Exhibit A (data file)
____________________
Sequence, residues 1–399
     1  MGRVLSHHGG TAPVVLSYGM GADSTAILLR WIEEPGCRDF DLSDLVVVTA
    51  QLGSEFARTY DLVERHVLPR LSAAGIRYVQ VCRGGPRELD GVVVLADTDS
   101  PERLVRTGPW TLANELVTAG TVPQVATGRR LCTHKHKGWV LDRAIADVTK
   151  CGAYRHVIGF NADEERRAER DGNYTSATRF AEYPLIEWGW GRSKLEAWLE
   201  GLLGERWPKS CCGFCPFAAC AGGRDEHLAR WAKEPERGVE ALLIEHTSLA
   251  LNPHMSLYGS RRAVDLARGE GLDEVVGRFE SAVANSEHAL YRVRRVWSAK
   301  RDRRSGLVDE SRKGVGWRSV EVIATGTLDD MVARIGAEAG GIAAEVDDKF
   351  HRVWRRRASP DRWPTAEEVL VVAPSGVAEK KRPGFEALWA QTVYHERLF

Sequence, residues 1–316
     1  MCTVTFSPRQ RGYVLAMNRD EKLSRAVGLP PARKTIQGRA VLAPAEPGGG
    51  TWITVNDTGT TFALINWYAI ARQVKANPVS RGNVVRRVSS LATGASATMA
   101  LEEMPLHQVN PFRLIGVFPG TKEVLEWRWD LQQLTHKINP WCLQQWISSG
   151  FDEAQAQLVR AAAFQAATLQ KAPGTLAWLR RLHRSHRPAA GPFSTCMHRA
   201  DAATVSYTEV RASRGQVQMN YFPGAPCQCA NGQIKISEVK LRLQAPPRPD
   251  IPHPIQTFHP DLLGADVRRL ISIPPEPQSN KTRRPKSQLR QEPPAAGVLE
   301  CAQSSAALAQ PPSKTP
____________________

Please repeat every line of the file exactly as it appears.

Sequence, residues 1–399
     1  MGRVLSHHGG TAPVVLSYGM GADSTAILLR WIEEPGCRDF DLSDLVVVTA
    51  QLGSEFARTY DLVERHVLPR LSAAGIRYVQ VCRGGPRELD GVVVLADTDS
   101  PERLVRTGPW TLANELVTAG TVPQVATGRR LCTHKHKGWV LDRAIADVTK
   151  CGAYRHVIGF NADEERRAER DGNYTSATRF AEYPLIEWGW GRSKLEAWLE
   201  GLLGERWPKS CCGFCPFAAC AGGRDEHLAR WAKEPERGVE ALLIEHTSLA
   251  LNPHMSLYGS RRAVDLARGE GLDEVVGRFE SAVANSEHAL YRVRRVWSAK
   301  RDRRSGLVDE SRKGVGWRSV EVIATGTLDD MVARIGAEAG GIAAEVDDKF
   351  HRVWRRRASP DRWPTAEEVL VVAPSGVAEK KRPGFEALWA QTVYHERLF

Sequence, residues 1–316
     1  MCTVTFSPRQ RGYVLAMNRD EKLSRAVGLP PARKTIQGRA VLAPAEPGGG
    51  TWITVNDTGT TFALINWYAI ARQVKANPVS RGNVVRRVSS LATGASATMA
   101  LEEMPLHQVN PFRLIGVFPG TKEVLEWRWD LQQLTHKINP WCLQQWISSG
   151  FDEAQAQLVR AAAFQAATLQ KAPGTLAWLR RLHRSHRPAA GPFSTCMHRA
   201  DAATVSYTEV RASRGQVQMN YFPGAPCQCA NGQIKISEVK LRLQAPPRPD
   251  IPHPIQTFHP DLLGADVRRL ISIPPEPQSN KTRRPKSQLR QEPPAAGVLE
   301  CAQSSAALAQ PPSKTP